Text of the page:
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Measuring performance in Australia’s Job Network (A) 2007-37.1

19 March 2007



In May 1998, the Liberal-National Coalition Government of Australia introduced “Job Network”, a new way of providing services for unemployed people. Job Network was created using competitive bidding, and hundreds of providers were contracted to deliver employment services on behalf of the Australian Government. Some employment services had already been outsourced under the previous Labor Government’s Working Nation scheme. But Job Network went much further, not only in the range of services contracted out, but also in its greater emphasis on paying providers for employment outcomes for job seekers. Moreover, job seekers would be able to choose among providers, who would therefore be subject to competitive pressure to perform. For the Department of Employment, Education, Training and Youth Affairs, who had to manage and monitor the new system, it was clear that a new era in employment services had begun.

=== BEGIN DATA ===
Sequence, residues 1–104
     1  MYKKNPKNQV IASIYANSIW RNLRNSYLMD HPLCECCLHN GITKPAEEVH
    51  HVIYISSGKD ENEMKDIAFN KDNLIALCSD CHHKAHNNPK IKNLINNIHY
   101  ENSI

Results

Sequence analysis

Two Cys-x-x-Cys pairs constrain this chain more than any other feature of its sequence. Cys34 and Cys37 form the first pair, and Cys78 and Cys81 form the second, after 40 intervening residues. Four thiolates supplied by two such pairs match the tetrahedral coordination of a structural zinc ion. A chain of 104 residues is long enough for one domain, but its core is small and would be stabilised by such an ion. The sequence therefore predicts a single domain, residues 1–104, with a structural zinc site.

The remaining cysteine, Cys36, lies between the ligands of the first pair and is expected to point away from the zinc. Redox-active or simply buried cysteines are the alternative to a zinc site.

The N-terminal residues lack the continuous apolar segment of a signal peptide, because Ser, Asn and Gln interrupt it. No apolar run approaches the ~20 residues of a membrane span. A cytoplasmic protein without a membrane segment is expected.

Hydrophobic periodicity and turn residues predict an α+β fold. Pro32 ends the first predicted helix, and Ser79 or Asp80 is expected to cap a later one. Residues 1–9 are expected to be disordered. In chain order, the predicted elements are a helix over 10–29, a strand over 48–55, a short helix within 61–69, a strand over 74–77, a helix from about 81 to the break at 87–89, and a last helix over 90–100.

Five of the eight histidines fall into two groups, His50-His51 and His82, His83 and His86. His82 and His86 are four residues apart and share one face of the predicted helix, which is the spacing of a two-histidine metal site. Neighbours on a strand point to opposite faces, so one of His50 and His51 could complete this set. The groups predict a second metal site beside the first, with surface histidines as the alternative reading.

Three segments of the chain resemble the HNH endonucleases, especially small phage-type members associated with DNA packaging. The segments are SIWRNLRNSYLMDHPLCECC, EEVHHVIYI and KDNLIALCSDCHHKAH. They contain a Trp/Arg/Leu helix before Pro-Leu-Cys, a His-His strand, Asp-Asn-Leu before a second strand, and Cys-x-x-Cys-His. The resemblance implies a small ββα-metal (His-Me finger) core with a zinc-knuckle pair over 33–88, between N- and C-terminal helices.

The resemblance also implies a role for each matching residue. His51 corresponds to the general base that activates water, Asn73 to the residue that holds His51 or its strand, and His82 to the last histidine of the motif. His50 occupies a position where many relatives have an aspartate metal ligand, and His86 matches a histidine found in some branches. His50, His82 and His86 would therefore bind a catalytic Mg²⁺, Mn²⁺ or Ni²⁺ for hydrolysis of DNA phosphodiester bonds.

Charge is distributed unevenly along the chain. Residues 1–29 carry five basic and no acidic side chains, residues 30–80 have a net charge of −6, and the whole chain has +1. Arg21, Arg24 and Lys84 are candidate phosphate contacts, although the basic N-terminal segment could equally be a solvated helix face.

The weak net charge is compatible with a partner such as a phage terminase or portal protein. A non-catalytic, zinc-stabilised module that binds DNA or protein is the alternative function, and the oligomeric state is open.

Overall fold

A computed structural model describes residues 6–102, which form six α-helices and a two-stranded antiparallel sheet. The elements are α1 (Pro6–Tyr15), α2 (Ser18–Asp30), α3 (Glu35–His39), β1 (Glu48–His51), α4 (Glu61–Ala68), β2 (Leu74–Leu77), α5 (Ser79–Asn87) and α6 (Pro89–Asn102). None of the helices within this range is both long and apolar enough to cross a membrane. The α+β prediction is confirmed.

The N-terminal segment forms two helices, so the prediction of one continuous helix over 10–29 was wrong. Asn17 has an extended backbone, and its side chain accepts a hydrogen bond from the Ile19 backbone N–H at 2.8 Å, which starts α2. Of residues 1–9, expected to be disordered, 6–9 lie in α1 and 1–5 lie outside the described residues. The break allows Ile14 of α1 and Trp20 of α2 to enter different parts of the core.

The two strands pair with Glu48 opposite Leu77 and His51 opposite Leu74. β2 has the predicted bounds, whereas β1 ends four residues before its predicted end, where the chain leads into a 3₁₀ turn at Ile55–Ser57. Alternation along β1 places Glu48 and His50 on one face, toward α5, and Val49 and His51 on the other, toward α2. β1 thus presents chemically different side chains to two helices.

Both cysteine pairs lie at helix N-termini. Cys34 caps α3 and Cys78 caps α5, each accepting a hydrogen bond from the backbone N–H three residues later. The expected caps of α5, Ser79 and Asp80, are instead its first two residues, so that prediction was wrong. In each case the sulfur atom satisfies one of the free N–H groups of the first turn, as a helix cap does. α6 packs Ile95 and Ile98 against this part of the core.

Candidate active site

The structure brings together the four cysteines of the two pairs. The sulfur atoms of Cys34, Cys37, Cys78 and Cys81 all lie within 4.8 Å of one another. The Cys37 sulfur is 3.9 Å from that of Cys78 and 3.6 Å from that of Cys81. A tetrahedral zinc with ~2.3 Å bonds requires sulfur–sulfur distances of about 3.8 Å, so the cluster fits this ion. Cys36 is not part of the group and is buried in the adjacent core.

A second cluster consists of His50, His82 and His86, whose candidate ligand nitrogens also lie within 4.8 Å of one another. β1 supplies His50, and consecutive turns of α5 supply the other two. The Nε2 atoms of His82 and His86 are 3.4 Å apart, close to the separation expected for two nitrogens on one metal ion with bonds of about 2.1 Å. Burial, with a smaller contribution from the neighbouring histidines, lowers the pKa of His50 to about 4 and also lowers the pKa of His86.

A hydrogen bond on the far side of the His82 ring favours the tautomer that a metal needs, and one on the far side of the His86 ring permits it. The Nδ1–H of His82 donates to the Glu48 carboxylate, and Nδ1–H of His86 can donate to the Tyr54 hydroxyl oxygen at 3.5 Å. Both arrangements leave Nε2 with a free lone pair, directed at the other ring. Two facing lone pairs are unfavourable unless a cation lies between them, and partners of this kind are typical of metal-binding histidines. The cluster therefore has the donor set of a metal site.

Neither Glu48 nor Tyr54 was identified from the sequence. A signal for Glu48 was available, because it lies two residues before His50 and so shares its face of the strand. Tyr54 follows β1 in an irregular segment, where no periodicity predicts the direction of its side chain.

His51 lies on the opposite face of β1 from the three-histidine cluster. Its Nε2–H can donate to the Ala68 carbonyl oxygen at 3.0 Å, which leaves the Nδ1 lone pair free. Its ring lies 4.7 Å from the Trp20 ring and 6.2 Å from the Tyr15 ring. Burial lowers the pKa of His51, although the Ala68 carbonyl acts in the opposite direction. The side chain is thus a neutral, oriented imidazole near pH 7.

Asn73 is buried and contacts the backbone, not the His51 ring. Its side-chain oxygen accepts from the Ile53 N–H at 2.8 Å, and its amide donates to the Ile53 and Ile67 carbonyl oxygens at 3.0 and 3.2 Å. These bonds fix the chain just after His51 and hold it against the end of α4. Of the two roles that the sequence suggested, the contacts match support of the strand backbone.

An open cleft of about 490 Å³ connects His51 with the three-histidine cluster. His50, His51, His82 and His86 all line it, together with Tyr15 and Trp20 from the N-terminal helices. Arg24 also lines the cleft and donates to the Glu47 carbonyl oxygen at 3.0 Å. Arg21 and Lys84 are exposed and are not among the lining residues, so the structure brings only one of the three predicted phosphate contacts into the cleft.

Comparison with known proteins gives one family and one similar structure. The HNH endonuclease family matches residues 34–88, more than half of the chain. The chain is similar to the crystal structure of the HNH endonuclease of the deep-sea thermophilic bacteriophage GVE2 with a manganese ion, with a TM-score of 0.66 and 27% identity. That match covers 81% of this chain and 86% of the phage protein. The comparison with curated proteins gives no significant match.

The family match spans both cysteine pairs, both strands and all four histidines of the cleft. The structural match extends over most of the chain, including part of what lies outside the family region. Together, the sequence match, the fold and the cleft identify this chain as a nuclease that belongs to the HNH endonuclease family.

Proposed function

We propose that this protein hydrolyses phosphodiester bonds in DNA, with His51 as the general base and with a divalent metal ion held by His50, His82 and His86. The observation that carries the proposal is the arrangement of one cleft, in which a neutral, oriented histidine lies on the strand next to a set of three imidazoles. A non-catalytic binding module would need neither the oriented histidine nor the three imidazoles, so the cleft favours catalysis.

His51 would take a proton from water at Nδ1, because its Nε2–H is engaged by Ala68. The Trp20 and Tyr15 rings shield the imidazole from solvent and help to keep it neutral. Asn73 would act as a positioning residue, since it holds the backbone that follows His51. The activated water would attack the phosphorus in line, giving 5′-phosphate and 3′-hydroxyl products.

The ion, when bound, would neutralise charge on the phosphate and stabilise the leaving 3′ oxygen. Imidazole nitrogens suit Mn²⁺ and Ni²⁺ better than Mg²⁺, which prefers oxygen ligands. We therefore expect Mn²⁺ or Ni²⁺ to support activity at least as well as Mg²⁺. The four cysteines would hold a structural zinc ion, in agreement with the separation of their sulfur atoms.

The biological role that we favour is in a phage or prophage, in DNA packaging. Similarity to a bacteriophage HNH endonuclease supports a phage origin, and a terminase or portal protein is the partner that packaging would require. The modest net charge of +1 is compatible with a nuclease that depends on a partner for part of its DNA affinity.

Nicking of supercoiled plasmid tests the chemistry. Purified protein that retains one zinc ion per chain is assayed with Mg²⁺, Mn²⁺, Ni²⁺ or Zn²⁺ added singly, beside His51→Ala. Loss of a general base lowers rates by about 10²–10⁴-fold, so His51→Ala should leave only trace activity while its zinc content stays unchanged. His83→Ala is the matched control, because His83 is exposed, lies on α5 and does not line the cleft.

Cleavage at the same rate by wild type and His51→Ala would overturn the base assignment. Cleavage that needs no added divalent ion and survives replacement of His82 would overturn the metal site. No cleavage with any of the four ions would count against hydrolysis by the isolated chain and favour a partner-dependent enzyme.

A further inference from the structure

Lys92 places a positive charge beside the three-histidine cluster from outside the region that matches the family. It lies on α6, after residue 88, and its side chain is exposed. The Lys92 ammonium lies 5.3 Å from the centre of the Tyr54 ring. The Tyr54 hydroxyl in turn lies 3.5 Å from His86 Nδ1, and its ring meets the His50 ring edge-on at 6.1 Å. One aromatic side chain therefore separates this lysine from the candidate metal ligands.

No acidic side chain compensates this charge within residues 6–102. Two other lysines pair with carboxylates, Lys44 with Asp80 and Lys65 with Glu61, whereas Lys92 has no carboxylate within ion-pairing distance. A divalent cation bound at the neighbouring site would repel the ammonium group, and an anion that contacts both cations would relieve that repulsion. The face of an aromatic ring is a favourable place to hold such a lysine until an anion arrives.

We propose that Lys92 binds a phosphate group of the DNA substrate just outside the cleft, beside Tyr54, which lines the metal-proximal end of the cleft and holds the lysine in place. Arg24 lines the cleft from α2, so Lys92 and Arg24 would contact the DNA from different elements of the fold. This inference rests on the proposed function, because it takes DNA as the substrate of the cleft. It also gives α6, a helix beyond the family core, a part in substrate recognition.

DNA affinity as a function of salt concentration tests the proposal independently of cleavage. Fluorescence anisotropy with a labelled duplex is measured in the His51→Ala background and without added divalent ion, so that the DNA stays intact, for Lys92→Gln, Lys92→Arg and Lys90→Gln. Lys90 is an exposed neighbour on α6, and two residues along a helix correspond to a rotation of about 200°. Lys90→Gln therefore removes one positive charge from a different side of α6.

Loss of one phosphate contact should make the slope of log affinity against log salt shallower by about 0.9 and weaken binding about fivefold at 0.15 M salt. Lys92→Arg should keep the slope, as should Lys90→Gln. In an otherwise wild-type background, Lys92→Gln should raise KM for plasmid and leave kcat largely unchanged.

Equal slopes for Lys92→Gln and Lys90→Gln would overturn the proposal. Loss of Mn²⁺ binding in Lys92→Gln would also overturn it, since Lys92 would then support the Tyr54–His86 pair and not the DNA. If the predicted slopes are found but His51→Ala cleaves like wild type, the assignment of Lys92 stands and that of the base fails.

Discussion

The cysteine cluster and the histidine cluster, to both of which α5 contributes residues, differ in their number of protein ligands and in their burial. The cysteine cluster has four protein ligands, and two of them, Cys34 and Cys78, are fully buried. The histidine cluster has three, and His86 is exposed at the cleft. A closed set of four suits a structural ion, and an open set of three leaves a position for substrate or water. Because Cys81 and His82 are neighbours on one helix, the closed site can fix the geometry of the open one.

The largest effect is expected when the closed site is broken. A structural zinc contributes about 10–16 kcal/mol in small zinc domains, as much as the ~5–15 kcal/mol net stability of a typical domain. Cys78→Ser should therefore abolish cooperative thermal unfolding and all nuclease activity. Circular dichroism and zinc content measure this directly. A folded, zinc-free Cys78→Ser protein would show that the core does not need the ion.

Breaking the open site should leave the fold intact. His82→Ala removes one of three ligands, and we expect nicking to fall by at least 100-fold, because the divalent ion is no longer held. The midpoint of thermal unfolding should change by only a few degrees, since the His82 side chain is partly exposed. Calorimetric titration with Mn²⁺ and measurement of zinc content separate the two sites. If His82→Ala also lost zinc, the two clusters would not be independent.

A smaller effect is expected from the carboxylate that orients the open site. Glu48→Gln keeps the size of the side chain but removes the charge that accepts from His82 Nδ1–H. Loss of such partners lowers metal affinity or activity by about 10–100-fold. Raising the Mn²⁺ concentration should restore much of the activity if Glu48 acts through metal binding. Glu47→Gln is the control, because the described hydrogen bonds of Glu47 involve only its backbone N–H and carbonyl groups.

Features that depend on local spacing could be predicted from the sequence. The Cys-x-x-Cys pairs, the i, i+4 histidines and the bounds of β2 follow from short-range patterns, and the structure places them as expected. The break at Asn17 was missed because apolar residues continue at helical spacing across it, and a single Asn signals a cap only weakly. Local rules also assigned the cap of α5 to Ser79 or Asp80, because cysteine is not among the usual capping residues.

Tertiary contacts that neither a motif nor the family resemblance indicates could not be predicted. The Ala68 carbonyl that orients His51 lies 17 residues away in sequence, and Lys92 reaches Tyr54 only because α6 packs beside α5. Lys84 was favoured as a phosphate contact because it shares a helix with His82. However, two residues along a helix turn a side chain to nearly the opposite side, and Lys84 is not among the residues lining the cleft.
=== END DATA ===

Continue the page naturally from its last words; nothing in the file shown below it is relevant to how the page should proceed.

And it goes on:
This case can be used to discuss performance measurement or policy skills for a new “revolutionary” service, focused on outcomes and offering consumers choice. Part A gives a brief history of unemployment services in Australia before describing Job Network and its functions.

Read more:

  • Part B describes the strengths and challenges found in Job Network’s early model, particularly in giving job seekers adequate information.
  • Part C describes the department’s unique approach to performance measurement: the Star Ratings system.
Authors: Janine O'Flynn
Published Date: 19 March 2007
Author Institution: University of Canberra
Featured Content Length: 6
Content Length: 9
Product Type: Part A, Primary resources